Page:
Saturday, April 7, 2012

Straining to Remember

Yesterday my little one turned five months old. He is, of course, the sweetest creature that ever breathed. (Not always, I admit. At 3 a.m. when he wakes up hot and hungry in the dark and wails loudly enough to bring the rafters down on our mattress, I pine for the the childless days.)

Five months. Such a short span. But already my arms have forgotten what it felt like to have nothing to hold. My brain has forgotten the feeling of a full night's sleep, settling instead for 'enough.' My eyes have forgotten what my apartment looks like when it's clean!

I strain even to remember the days of pregnancy, when my son was a nameless wonder unfolding in secret. I remember that I was nauseated, that I could not tie my shoes, and that for three months straight I slept on the couch, because nothing else would do. I remember, at the end, being all twisted with expectation, and eating pineapple until my tongue bled, because someone said it could help labor. I remember drinking gallons of raspberry leaf tea and running four miles on the treadmill, and really doing any foolish thing I read in an online discussion board that didn't seem outright dangerous.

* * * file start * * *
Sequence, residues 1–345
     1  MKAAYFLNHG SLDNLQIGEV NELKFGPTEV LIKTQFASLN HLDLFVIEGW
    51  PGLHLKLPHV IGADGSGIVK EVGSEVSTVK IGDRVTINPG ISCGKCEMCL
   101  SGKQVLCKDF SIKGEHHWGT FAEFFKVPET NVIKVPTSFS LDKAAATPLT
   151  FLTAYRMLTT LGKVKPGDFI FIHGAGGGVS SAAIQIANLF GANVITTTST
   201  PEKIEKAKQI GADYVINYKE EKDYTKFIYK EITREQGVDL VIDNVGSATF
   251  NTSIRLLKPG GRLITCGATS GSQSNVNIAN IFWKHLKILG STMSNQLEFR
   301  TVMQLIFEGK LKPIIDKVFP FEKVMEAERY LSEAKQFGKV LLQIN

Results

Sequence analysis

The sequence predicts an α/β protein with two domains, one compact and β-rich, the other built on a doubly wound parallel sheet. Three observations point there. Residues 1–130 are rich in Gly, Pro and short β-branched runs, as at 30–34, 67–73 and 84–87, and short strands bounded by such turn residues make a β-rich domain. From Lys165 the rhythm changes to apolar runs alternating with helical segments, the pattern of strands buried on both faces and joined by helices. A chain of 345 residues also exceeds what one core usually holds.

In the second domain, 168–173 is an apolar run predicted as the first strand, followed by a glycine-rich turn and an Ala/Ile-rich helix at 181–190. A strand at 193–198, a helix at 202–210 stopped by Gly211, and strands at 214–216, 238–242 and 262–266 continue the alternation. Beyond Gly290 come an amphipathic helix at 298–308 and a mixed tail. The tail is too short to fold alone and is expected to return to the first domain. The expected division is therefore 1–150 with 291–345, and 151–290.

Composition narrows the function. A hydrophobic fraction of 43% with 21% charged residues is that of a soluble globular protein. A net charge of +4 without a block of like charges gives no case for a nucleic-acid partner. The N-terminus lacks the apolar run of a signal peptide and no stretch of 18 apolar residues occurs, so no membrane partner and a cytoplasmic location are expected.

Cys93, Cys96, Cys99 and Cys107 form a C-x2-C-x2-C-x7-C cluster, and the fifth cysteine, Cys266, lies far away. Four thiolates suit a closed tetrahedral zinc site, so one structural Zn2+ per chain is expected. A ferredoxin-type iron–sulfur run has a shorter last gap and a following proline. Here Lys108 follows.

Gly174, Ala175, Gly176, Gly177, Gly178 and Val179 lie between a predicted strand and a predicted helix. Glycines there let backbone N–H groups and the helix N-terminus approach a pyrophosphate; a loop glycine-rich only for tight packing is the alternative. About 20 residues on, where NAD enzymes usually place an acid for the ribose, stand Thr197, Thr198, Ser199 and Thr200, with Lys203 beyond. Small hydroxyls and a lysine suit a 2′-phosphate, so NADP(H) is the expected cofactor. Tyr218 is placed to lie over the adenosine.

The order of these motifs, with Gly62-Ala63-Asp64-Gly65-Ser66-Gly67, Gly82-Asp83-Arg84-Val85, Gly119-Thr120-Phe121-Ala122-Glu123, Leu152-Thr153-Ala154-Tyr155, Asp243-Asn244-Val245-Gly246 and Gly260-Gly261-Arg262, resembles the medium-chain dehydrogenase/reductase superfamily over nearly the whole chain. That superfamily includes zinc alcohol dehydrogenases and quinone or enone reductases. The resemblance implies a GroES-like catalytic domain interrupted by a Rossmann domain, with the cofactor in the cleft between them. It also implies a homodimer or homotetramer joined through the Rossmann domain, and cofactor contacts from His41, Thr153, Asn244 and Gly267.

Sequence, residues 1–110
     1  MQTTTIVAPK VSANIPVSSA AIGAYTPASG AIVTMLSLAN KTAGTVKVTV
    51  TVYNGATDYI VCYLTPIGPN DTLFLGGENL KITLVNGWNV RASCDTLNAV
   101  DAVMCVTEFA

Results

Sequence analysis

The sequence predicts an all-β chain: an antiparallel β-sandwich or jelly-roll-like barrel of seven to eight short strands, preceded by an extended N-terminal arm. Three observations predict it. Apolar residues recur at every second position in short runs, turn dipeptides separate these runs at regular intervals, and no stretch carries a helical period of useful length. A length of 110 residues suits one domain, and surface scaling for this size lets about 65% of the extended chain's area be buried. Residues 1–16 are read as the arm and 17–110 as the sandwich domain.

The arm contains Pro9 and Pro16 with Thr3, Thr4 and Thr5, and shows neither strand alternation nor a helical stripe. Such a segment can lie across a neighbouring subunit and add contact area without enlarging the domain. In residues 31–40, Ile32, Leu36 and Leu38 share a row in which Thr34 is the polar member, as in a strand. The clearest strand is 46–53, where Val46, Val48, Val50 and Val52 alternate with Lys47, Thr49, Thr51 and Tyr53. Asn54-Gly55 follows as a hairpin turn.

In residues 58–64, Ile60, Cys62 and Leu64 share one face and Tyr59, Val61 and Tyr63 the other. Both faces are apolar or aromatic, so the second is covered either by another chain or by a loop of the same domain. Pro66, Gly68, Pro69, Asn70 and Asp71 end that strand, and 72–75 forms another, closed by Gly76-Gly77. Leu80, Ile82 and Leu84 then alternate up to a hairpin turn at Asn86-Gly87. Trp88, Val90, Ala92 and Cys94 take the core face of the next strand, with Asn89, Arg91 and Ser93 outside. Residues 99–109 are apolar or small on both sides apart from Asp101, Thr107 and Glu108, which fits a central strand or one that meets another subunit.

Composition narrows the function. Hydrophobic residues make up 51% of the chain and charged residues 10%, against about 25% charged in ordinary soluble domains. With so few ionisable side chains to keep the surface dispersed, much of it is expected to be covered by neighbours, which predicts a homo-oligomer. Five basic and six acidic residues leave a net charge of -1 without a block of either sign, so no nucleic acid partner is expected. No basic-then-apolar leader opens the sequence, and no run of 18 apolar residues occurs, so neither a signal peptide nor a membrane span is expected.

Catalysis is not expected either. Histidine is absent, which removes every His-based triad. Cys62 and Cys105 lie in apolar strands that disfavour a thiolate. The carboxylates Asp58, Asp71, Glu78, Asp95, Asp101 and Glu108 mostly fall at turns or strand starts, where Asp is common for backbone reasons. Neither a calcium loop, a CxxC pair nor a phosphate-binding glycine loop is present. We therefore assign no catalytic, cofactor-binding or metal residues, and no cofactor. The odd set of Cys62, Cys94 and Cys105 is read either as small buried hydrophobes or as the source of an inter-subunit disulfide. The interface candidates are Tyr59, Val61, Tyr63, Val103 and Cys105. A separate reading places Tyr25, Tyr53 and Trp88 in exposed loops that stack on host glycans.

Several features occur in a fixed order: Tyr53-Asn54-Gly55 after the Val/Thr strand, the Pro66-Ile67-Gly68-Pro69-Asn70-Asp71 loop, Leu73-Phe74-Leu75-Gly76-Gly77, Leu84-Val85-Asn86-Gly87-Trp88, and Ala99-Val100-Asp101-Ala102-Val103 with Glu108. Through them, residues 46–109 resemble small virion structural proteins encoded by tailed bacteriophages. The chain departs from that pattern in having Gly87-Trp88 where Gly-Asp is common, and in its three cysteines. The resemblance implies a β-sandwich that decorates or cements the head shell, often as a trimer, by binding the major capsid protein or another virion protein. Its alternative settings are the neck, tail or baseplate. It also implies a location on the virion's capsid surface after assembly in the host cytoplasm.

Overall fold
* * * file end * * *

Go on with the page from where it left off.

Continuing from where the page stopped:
I remember waking in the night, feeling like my whole body was clenched in a fist, as the tightening came over me. I could feel each one approach, like a wave at sea, a force that built and built, and thinking that it couldn't possibly happen so fast. That there was supposed to be a leisurely period at home, with this first child to be born. But it was not so.

I remember flying down Leesburg Pike in our serviceable Honda with the paint peeling off the bumper. I remember shaking and stumbling down a sanitized corridor in non-slip yoga socks, and realizing that labor isn't something you do, it's something that happens to you, like a hurricane, and you hold on and pray and know you will survive if you just. keep. breathing.

I remember a midwife saying that I must be very proud of myself, and it's time to push, and feeling elated and determined to kill the next person who touched me.

And I remember his cry, and the look of wonder on my husband's face, and the utter drained relief of knowing I had done it. This hardest thing. Gratitude and exhaustion and oh the desire to sleep.

It was dawn somewhere.

And then there was the little one, awake and a little blue and his face puffed like a little, wizened man, infinite in its freshness and its wisdom. Still nameless. But ours. Oh, ours.

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